Nonlinear developmental trajectory of fear learning and memory

Psychiatry, Weill Cornell Medical College of Cornell University, New York, New York.
Annals of the New York Academy of Sciences (Impact Factor: 4.38). 10/2013; DOI: 10.1111/nyas.12280
Source: PubMed

ABSTRACT The transition into and out of adolescence is a unique developmental period during which neuronal circuits are particularly susceptible to modification by experience. Adolescence is associated with an increased incidence of anxiety disorders in humans, and an estimated 75% of adults with fear-related disorders met diagnostic criteria as children and adolescents. Conserved neural circuitry of rodents and humans has facilitated neurodevelopmental studies of behavioral and molecular processes associated with fear learning and memory that lie at the heart of many anxiety disorders. Here, we review the nonlinear developmental aspects of fear learning and memory during a transition period into and out of adolescence and provide a discussion of the molecular mechanisms that may underlie these alterations in behavior. We provide a model that may help to inform novel treatment strategies for children and adolescents with fear-related disorders.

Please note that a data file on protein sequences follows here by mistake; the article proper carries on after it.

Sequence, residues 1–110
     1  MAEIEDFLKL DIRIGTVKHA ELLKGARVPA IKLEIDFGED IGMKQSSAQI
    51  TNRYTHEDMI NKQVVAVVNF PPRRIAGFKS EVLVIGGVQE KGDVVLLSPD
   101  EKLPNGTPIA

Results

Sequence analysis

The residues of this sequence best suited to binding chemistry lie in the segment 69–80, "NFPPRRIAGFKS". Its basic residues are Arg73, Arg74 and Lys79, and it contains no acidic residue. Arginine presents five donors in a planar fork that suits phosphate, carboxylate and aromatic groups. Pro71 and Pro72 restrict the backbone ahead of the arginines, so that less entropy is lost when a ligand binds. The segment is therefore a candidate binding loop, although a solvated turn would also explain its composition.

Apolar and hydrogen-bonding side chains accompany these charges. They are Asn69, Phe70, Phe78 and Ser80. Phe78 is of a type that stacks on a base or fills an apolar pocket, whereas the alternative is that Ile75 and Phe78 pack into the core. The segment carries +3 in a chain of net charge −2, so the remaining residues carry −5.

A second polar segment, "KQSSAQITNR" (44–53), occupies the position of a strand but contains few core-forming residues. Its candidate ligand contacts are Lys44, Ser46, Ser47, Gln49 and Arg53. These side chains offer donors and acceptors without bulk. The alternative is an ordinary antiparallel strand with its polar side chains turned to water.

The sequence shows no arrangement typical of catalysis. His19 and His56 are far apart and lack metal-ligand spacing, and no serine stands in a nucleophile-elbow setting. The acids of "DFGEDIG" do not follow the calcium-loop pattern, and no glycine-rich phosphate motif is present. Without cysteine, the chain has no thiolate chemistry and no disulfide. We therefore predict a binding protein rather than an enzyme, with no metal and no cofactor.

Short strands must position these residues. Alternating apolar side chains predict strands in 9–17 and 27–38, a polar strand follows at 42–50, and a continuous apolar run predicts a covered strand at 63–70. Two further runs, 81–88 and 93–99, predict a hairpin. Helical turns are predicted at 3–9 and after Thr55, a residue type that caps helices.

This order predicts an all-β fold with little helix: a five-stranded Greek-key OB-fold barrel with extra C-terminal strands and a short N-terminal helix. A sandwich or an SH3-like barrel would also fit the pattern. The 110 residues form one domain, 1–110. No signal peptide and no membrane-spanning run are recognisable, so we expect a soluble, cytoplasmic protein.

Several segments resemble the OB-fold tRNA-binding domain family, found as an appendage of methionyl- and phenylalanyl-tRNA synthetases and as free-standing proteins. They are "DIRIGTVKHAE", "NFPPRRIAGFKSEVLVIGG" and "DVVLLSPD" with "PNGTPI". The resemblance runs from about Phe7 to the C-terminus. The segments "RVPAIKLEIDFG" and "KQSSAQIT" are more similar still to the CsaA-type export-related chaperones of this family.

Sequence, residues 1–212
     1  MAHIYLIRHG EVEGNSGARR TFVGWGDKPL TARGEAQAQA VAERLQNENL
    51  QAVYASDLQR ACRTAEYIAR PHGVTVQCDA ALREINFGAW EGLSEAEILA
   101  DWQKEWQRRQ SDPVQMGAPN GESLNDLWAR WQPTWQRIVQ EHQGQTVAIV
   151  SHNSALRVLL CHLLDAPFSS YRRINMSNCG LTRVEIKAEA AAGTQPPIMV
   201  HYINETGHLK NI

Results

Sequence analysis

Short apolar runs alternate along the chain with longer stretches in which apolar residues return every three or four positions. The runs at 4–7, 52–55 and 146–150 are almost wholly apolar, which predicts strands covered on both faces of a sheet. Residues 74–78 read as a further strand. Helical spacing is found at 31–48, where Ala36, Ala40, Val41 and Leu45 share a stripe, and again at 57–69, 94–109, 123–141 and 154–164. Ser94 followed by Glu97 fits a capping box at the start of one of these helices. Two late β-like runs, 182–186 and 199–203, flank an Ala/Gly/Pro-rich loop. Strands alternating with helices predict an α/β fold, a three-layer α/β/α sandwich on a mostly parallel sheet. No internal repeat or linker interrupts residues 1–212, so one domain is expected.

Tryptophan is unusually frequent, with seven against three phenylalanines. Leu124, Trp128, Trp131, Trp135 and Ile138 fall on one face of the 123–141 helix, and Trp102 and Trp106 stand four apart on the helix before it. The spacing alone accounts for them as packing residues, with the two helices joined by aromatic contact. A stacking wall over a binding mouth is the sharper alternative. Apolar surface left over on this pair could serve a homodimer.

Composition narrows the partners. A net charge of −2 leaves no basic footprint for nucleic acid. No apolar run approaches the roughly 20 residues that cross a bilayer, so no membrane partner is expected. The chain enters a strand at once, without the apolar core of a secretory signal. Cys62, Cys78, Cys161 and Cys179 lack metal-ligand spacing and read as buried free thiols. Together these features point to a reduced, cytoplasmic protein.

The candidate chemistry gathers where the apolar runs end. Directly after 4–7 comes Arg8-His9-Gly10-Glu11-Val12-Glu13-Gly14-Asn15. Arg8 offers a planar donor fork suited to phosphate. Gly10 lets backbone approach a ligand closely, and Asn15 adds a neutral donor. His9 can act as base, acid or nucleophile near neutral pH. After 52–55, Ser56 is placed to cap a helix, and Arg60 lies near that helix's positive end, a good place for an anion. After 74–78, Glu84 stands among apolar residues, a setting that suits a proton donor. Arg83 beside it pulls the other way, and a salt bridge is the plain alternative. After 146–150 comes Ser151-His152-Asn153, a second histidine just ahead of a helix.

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    ABSTRACT: The fornix is a part of the limbic system and constitutes the major efferent and afferent white matter tracts from the hippocampi. The underdevelopment of or injuries to the fornix are strongly associated with memory deficits. Its role in memory impairments was suggested long ago with cases of surgical forniceal transections. However, recent advances in brain imaging techniques, such as diffusion tensor imaging have revealed that macrostructural and microstructural abnormalities of the fornix correlated highly with declarative and episodic memory performance. This structure appears to provide a robust and early imaging predictor for memory deficits not only in neurodegenerative and neuroinflammatory diseases, such as Alzheimer’s disease and multiple sclerosis, but also in schizophrenia and psychiatric disorders, and during neurodevelopment and “typical” aging. The objective of the manuscript is to present a systematic review regarding published brain imaging research on the fornix, including the development of its tracts, its role in various neurological diseases, and its relationship to neurocognitive performance in human studies.
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May 21, 2014